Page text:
Rev. Prosper Tournear of Princeton, formerly of Wyoming, passed away on Saturday, July 11, 2020, at Aperion Care Princeton.
He was the son of Otis Henry and Emma Augusta Heberlein Tournear, born on August 22, 1932, in their Liberty, IL, home. They preceded him in death, as did his three brothers, Carl (Audrey) Tournear, Walter (Millie) Tournear and Russell C. Tournear (who died in infancy); and one sister, Naomi (Leonard) Jergens.
He is survived by his wife, Charlotte Schwebel Tournear of Princeton. They were married on September 10, 1955. Also surviving are their four sons, John (Carolyn) Tournear of Decatur, IL, Charles Tournear of Cincinnati, OH, Tom (Joyce) Tournear of Dover, IL, and Prosper Allen Tournear of Dixon, IL; and one daughter, Susannah Tournear of Princeton, IL. He has two grandchildren, Sarah (Julius) Aigbe and Nathaniel Tournear.
He graduated from Liberty High School at 16 years old and did his undergraduate work in accounting at Carthage College when it was still in Carthage, IL. Then, he continued on to get his Masters of Divinity degree at Christian Theological Seminary (Indianapolis) and Missouri School of Religion (Jefferson City, Missouri). He served 42 years as a United Methodist Minister and, after he retired, he filled in for other pastors and served as an interim pastor for churches in transition.
He was involved in Consistory, Kiwanis, Rotary (wherein he was honored as a Paul Harris Fellow), Scottish Rite, Mason (and was Most Wise Master several times, Chaplain, and past Master), and Bloomington York Rite. He was a member of the American Passion Play in Bloomington, IL, for 33 years, in which he played several roles, including that of the apostle Peter. He was instrumental in forming an ambulance service at both Knoxville and Wyoming (IL). He traveled to the Holy Land 3 times, was chaplain of the day at the Illinois House of Representatives and gave their invocation for that day. He was faithful to the Cubs, enjoyed spending time with his wife, Charlotte, going out for meals, and telling amusing stories from his childhood during his sermons. He has been to the UN twice and met some extraordinary people, including Adlai Stevenson, Robert Kennedy, Martin Luther King Jr., Bishop Abel Muzorewa (the first black prime minister of Zimbabwe), Sam Walton, a brief encounter with the King of Yugoslavia, and so many of God's great children. He was on the finance committee for the formation of Carl Sandburg College in Galesburg, IL, and founded a hospice program for Pittsfield, IL. He also was instrumental in the creation of a bill in the Illinois Legislature to support the mentally/physically handicapped youth in the "forgotten years," 18-20 years old, and it passed. He worshiped with and met Oral Roberts and Robert Shuller. He worked with the building of 3 new churches, drove a school bus for many years, and helped start a PTA in Illiopolis and served as its first president. He helped organize and coached Little League for several years. He also started an ambulance service at both Knoxville and Annawan, IL. One Sunday he brought an unprecedented 45 confirmands into church membership. There was no time for a sermon that Sunday.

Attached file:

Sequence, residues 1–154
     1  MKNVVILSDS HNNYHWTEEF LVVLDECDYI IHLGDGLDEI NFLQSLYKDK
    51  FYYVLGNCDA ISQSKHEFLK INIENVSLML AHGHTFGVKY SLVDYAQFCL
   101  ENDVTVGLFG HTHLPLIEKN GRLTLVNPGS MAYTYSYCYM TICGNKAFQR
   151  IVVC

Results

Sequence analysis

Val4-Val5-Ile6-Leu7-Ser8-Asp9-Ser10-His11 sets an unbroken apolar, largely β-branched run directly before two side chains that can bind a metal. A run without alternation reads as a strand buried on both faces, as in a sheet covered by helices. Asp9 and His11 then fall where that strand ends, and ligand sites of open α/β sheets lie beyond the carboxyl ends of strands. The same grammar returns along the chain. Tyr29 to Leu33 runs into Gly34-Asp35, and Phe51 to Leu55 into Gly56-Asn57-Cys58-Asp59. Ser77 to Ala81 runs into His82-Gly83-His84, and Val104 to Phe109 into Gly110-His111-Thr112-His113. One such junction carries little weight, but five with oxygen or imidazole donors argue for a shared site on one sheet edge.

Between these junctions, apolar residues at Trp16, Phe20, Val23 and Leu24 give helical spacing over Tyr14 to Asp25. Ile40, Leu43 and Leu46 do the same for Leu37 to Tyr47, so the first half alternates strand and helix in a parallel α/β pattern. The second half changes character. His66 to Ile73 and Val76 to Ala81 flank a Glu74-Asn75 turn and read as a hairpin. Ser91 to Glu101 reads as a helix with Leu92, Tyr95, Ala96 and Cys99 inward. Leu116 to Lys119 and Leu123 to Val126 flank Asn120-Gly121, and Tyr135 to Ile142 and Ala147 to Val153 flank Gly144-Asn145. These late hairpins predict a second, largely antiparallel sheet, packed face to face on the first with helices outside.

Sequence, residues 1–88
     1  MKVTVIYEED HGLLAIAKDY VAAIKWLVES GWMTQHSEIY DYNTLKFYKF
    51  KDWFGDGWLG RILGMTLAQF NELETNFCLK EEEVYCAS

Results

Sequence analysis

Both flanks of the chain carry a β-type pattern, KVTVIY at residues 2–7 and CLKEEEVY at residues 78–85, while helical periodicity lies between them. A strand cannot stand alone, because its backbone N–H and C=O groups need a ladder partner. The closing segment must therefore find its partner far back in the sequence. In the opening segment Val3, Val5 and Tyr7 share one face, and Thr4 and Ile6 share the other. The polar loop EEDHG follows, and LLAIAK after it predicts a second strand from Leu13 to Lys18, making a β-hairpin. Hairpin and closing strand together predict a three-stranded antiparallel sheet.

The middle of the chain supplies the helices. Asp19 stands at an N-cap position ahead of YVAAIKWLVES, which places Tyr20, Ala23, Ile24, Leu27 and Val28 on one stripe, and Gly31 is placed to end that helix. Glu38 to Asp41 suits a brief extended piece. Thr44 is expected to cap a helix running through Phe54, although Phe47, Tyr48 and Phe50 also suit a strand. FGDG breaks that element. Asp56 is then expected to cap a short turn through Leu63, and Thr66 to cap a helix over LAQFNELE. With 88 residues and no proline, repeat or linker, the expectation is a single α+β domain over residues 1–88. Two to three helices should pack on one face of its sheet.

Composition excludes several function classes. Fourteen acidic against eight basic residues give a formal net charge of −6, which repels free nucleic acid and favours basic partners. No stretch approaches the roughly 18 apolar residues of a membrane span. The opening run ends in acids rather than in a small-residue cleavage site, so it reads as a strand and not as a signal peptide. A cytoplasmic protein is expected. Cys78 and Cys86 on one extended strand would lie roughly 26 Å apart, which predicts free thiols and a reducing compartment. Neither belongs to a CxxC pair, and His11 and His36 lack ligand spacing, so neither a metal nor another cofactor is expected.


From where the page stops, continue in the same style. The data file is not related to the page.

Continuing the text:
He has served 22 churches pre-retirement and several more after retirement as an interim pastor, guided two parishioners to enter the ministry, preached more than 4900 sermons, had more than 620 weddings, more than 350 baptisms, and received more than 1,060 new members into the church. He never met anyone that he didn't like and he tried to live by Robert Schuller's advice: using the power of positive thinking (Norman Vincent Peale), "find a need and fill it, find a hurt and heal it."
He was proud that religion has played a part in his children and grandchildren's lives. His oldest son and daughter-in-law, as well as his grandson, have even gone into the ministry and his granddaughter has worked as a missionary.
His best advice when people were frustrated with others at work was, "Just love them." It made one stop praying for oneself so much as to pray for the clients and personal love and tolerance, and that made all the difference.
A funeral for the family will be held at the Wyoming United Methodist Church on Wednesday, July 15, 2020, presided over by the Rev. Rebecca Klemm, but the public is invited to a ½ hour visitation preceding the service from 11 to 11:30 a.m. The funeral will be recorded and available to watch on YouTube under the name "Funeral of Reverend Prosper Tournear" by the following day. Haskell Funeral & Cremation Services in Wyoming is in charge of arrangements. On Saturday, July 18, 2020, at 1 p.m., there will be a memorial service at Greenmount Cemetery in Quincy, IL, for extended family, followed by fellowship in the park pavilion across the street. Duker & Haugh Funeral Home in Quincy will oversee the burial.
Memorials may be sent to the Preachers' Aid Society and Benefit Fund in Springfield, IL (helps retired pastors); and/or the American Heart Association.